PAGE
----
When word got around a week before last week’s UCSC job fair that military recruiters were pulling out, students organizers who have kept the campus essentially recruitment free for the last two years quickly claimed it as another victory. It was past students protests, they asserted, that had scared off the U.S. Army and Marine Corps.
For many young people who enlist in the military out of high school or soon afterward, one of the major attractions of signing up with Uncle Sam is the promise that the GI Bill will pay their future education bills.
But enlistees are finding that the reality often doesn’t live up to the recruitment spiel. Just as rising college costs have outstripped family budgets, they’ve also eroded the buying power of the government program that once covered most, if not all, of a veteran’s college expenses.
At the age of 20, being a mother of a 3- and 5-year-old was not easy. Being a single mom on welfare living in a cockroach-infested apartment was not living. I thought I needed to learn discipline, so I walked into the army recruitment office. I spent my 21st birthday in boot camp on a five-mile road march. Many a mom has gone through boot camp. I was no exception.
Today I work towards building a network of women, many of them mothers, who have served in the U.S. military. We seek ways to tell the truth and speak for peace. This Mothers’ Day is a time to remember the mothers serving in the military whose stories you’re not likely to hear.
The day of her 17-year-old son Aaron’s passing out parade in Catterick last summer is a bitter-sweet memory for Karen Lincoln. As he marched past with his regiment, 2nd Battalion The Rifles, looking every inch the professional soldier, she cheered and wept, overcome with maternal pride. But it was also then she learned her youngest son was about to be sent to Iraq.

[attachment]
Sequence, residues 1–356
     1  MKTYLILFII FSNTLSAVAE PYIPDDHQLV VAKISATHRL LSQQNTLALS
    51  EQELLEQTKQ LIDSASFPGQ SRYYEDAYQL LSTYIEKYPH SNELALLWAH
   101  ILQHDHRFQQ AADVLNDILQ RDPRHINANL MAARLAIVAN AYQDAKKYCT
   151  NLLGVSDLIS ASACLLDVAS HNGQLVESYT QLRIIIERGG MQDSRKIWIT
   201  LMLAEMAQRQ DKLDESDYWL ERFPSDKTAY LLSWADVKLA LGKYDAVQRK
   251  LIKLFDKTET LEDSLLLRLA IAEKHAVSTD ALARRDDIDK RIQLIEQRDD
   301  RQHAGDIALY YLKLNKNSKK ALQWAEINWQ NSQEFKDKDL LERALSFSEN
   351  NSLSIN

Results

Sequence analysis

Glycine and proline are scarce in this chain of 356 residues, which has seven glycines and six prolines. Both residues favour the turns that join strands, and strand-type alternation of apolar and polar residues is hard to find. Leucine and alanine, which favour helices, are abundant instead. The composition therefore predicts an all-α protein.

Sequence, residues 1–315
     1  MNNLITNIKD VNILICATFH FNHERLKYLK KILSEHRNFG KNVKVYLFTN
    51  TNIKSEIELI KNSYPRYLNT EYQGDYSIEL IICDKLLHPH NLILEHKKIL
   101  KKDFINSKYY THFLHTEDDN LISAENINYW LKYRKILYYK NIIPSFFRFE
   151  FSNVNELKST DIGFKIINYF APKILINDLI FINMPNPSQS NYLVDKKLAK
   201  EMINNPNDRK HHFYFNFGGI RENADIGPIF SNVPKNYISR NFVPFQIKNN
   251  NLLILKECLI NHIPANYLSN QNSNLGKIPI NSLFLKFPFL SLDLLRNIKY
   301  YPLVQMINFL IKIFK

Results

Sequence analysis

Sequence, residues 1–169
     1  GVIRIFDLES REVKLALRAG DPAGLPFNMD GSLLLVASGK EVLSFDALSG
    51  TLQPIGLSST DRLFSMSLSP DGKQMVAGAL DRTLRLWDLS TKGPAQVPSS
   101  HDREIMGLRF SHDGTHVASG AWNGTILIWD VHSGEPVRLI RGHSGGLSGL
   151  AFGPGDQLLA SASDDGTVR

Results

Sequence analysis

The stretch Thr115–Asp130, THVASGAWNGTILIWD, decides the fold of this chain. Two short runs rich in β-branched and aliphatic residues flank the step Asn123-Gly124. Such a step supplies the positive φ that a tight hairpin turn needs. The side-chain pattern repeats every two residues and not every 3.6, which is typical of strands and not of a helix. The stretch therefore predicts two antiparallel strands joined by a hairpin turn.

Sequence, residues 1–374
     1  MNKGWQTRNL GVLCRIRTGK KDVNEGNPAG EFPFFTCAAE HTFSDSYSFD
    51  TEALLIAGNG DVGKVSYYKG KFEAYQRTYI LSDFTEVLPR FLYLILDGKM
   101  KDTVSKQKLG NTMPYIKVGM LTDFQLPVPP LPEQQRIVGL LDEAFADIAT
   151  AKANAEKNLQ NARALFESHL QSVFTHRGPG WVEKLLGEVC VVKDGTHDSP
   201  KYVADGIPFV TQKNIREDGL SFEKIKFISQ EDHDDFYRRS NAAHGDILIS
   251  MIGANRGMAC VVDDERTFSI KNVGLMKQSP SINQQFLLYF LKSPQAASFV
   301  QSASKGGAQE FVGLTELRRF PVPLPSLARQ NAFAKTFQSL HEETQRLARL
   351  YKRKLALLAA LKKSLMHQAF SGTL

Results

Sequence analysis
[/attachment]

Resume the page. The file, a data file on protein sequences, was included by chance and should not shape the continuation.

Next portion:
On April 2 – eight months after the passing out parade and just five months after his 18th birthday – he became one of the youngest soldiers to die in a conflict that has claimed 148 British lives. Of those, 14 have been teenagers.
“They shouldn’t be over there on the front line at that age,” Mrs Lincoln, 43, said. “It’s bad enough for hardened soldiers, but Aaron was just a bairn. He never had enough training in the first place, not to kill people.”
The reportedly overstretched U.S. military in Iraq, with troops serving unprecedented third and fourth tours, has provoked debate about military preparedness. At the same time, public controversy over the 14-year-old “Don’t Ask, Don’t Tell” (DADT) policy is reemerging as increasing numbers of service members disclose sexual orientations in conflict with DADT. According the Department of Defense, 11,000 troops were discharged because of the military’s ban on openly gay service members. The importance of the scientific basis for DADT deserves attention relative to military personnel effectiveness and performance. Meanwhile, the military’s granting of “moral waivers” to applicants with criminal records has spurred some critics to say that capable soldiers are being needlessly sacrificed while recruits with drug abuse, criminal backgrounds, or insufficient education are being admitted.
In November 2006, distinguished social scientists authored an Amicus Brief filed jointly with the American Sociological Association (ASA) with the First Circuit Court of Appeals. There is no scientific evidence supporting the exclusion of openly gay or lesbian soldiers in the military in terms of military performance, according to the brief. Research on the nature of military unit cohesion fails to show detriments in performance. Of prime importance, empirical work shows, is identification with task.
While military recruitment in March of 2007 remained solid, a recent Newsweek poll indicates that 63 percent of Americans believe gays and lesbians should be able to serve openly. In addition, the U.S. Army’s tour extensions to 15 months are taking an emotional toll on families and troops. The military prides itself on structured and disciplined lifestyle. However, as the demand for troop surges heightens, as more and more soldiers are “coming out,” and as families deal with the pressures of longer tours, the military finds itself approaching a critical social-cultural crossroad.